There is a fine line between healthy and harmful introspection.  If you spend all of your time considering yourself it is definitely not healthy.  The entire book of Haggai is only two chapters.  If you only took half the time “considering your ways” in light of the word of God, as it takes to read Haggai, I’m certain you will relocate Christ.  This practice of meditating on your ways is exactly what Paul tells the Corinthians to do prior to coming and partaking in the Lord’s Supper.  He says “A man ought to examine himself before he eats of the bread and drinks of the cup.  For anyone who eats and drinks without recognizing the body of the Lord eats and drinks judgement on himself.”(1 Cor. 11:28,29) Basically, if you expect to find Christ in the ordinance and you haven’t confirmed his presence in yourself, by realizing that your sin requires his sacrificial body and blood, then the Lord’s Supper is not going to provide for you the nourishment it is intended to give.  Meditate on your relationship with Christ before you come to the observance of the Sacrament. The Haggai Technique can be used anytime.  Psalm 4:4 tells of David’s anger over his betrayal.  God tells him to meditate.  “In your anger do not sin.  When you are on your beds, search your heart and be silent.”(4:4)  The Prodigal Son meditated in a pig pen.  When he considered his ways he saw himself starving, not even eating as well as the pigs.  Christ said that he “came to his senses.”  Meditation will do that.

Whenever you approach any means of God’s meeting out his grace, whether it be attendance on the Sacraments or just meeting with another believer for fellowship, consider your ways, and look for Christ in yourself.   Find him in yourself and he will magnify your view of him in the other ways he reveals himself.  Now you go chew on that magic shroom.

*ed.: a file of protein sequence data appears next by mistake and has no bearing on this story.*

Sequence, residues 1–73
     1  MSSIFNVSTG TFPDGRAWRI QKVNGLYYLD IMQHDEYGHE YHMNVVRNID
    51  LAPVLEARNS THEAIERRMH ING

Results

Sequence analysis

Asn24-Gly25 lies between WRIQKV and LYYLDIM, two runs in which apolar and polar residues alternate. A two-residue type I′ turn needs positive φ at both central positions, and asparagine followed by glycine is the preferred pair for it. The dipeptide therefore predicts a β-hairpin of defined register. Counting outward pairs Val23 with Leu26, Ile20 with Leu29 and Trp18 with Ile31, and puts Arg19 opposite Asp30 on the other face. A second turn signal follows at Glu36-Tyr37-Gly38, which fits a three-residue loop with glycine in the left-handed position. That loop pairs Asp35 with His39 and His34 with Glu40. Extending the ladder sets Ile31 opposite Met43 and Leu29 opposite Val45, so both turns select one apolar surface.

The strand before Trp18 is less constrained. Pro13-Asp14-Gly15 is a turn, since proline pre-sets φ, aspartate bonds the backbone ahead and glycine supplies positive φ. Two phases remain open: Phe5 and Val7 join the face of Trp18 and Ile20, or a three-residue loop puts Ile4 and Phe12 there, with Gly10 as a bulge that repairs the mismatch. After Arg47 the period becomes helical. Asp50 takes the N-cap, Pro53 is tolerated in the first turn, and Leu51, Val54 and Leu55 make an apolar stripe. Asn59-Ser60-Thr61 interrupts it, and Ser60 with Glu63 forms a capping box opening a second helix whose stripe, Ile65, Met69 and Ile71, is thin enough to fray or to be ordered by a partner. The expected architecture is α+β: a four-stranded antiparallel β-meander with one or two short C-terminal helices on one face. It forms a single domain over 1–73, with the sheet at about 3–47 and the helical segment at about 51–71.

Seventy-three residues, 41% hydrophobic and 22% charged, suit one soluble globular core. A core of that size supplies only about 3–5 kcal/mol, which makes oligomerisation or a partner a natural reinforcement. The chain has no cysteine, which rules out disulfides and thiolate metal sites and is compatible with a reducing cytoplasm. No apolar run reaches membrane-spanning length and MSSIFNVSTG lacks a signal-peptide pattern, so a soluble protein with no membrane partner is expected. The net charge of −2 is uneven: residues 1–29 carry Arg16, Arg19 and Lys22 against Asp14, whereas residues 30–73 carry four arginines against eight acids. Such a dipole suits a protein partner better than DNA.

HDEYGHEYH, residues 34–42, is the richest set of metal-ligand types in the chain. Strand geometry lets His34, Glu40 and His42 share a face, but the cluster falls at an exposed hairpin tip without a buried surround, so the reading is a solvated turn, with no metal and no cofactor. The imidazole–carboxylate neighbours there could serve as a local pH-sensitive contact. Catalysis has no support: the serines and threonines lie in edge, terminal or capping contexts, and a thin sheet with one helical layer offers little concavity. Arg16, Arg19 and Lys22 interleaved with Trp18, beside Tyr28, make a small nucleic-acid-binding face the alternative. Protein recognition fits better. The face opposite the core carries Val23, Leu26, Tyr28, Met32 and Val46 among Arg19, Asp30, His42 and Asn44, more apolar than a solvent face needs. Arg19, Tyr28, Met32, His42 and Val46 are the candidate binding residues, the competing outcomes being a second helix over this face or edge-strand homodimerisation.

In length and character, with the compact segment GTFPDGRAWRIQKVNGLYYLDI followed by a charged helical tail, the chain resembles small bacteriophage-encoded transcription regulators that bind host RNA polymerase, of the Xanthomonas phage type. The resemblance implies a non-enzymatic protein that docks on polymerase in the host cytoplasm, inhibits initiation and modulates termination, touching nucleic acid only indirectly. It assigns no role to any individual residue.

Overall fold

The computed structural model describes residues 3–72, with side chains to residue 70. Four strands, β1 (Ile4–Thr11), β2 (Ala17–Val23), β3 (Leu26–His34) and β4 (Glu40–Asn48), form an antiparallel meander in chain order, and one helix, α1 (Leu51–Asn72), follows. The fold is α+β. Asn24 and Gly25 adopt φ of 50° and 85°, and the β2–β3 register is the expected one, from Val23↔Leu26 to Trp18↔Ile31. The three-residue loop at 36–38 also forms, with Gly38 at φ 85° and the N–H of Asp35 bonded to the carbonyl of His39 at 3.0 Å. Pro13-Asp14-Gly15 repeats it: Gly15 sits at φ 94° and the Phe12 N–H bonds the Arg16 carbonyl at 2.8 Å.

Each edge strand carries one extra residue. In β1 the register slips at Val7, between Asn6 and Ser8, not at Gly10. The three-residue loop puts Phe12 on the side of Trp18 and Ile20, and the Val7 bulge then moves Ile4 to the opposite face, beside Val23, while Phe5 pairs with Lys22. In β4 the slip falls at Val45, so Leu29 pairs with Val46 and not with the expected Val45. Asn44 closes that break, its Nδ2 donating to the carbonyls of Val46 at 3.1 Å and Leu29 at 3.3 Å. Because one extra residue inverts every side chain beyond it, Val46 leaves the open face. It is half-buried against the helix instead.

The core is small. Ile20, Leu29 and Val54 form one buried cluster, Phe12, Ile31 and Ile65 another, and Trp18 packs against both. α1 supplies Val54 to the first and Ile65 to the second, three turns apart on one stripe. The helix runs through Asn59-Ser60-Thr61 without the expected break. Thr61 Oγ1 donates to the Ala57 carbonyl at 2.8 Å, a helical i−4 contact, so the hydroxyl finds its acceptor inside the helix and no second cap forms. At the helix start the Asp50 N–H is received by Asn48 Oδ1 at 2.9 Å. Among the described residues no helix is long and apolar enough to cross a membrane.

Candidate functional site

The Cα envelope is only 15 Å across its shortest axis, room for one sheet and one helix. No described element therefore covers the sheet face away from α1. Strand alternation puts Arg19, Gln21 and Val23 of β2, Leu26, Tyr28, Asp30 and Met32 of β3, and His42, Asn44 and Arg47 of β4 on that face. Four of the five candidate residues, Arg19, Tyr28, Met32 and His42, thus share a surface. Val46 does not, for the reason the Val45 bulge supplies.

Paradise Lost

I realize that to title a blog post after what is probably the most famous English poem is a little cheesy.  Whether you have read the 17th century work by John Milton or not, you can guess the subject matter.  The first few lines sum it up:


‘Of man’s first disobedience, and the fruit
Of that forbidden tree, whose mortal taste
Brought death into the world, and all our woe’

I must admit I have not read the whole work, nor do I intend to, primarily because I am not qualified to read some 400 plus pages of poetry without commentary.  Though I took Early and Middle English literature in college,  Renaissance Literature was not my thing.  John Milton was a brilliant man and a devout Protestant Reformer.   He, like so many others of this period, were greatly influenced by the period’s availability of the Bible translation into spoken languages.  The arts flourished, as the appetites for the stories of the bible and the legends of the ancient world met in a whirlwind of creativity.  However, I’m not sure that Milton or any of the renown artists and writers of the day truly captured the true nature of what ended and began in the event of the fall of man in the garden.

According to Milton, man’s first sin, the eating of that which was forbidden, brought about death and “all our woe.”  I contend these consequences of sin, death and woe,  were and are secondary effects of sin.  What was truly the primary effect of sin was the dividing of the relationship between God and man.  What was lost, which made the garden paradise, was spiritual union.  We lost God.

I’m sure you have lost things.  You can become quite undone when you are seeking to find what you have lost.  Did you know, however, that it is quite natural for you to be seeking after something.  Man is a seeking creature. We are constantly from birth trying to find what we don’t have.  Before the fall man did not seek?  The word picture that best describes man in our natural state is a blind seeker.  Just picture a blind man seeking after something.  The difficulty is he cannot even fully describe what he is looking for because he has never seen it.  His other senses may give him a partial knowledge of what he is after, but not thorough knowledge.  Literally he doesn’t even know what he has lost.